The list I've heard from people is endless. It all adds up to women are...well...women!
Yeah, well, SO FREAKIN' WHAT? Men are also...well...MEN!

 "Image copyright 2015 Angie Key as Keyframe Photography,
used with permission."
Flawed. Bad beards. Bad dressers. (I heard this year's world champion criticized for having too small a suit, and an 'unconventional shirt'.) Terrible speech topics. Too loud. Too animated. Too cocky.

Are they as heavily criticized as women? No. In fact, dressing for the stage is far easier for the average male, and no, we don't usually get penalized for being too fat, too skinny, or even being just plain ugly. I do believe society in general is far more critical of women than men in almost every way. That can't help but seep into judging. If we are going to call that judging bias, then yes, it exists, and no, it shouldn't.

But I don't think that's the main reason. A contributing factor, perhaps, but not the main reason.

Let's face facts: more men lose in the contest that women. It's true. I think there were 17 women in the semi's this year. That means, out of 96 contestants, 10 men won, 17 women lost, and 59 men lost. Unbelievable. All those poor men. And several of those women placed, making it even worse for the men. Oh, the humanity!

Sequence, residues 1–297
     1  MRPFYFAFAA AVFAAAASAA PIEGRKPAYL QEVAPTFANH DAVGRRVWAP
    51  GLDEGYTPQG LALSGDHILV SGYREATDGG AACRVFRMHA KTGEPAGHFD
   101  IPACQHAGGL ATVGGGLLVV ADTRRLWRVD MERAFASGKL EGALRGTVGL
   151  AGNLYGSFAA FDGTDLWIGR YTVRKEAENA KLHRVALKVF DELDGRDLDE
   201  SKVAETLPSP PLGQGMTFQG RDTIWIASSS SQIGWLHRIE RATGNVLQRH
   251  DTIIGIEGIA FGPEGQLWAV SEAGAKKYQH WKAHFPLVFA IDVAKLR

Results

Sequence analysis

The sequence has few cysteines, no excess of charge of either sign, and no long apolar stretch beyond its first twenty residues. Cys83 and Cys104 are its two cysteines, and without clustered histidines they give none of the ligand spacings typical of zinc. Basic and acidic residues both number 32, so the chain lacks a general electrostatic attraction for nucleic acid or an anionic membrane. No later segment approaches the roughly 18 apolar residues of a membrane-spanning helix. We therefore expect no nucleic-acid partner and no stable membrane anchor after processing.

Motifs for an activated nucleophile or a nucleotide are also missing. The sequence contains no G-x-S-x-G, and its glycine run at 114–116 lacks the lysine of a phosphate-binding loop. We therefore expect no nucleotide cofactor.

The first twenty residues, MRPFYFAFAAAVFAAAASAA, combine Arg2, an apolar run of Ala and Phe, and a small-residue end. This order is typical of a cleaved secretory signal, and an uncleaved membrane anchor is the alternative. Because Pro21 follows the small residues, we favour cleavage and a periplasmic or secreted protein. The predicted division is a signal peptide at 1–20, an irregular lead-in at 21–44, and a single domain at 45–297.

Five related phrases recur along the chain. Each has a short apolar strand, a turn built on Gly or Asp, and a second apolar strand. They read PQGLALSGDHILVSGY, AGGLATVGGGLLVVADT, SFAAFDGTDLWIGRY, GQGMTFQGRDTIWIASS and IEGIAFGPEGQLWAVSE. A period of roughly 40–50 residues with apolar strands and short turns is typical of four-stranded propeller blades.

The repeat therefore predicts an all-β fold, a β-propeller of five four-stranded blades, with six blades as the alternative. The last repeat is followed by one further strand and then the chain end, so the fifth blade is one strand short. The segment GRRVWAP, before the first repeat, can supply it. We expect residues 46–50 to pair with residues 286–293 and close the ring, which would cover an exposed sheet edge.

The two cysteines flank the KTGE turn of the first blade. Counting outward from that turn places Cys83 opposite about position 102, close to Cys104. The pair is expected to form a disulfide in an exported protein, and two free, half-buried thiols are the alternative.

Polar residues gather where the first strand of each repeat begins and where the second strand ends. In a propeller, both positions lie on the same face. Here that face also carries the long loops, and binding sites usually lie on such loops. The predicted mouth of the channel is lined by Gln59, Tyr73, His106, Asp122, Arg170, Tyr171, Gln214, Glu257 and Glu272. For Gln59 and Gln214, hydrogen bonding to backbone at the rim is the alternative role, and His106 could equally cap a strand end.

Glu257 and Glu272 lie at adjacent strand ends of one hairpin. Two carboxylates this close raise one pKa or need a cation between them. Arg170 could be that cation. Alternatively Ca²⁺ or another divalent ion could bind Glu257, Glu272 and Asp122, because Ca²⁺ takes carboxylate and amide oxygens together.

Therefore, IF there's bias, it's more on the lower levels, right? Gotta be. But then I hear the problem is actually that not enough women enter, lowering their odds in general. Like the speech competition is a slot machine or a dice game. Yes, luck enters in to a degree, but it isn't really an 'odds-based' competition - it's a quality-based competition. Out of 10 speakers, we cannot objectively say each speaker has a 10 percent chance of victory. 'Chance' is directly countered by experience, talent, and performance. Otherwise we could just draw the winner the way we draw for order.

Wait a minute, Rich. Are you saying that women aren't good enough speakers in this competition?

Well.....Yes. Yes I am. And neither are the literally thousands of more MEN speakers in this competition than women. The competition starts with 30,000 contestants. Based on 18 percent of the Semi-Finalists being women, 4100 of the 30,000 are women. That means there were 25,890 men who weren't good enough EITHER. Holy freaking COW!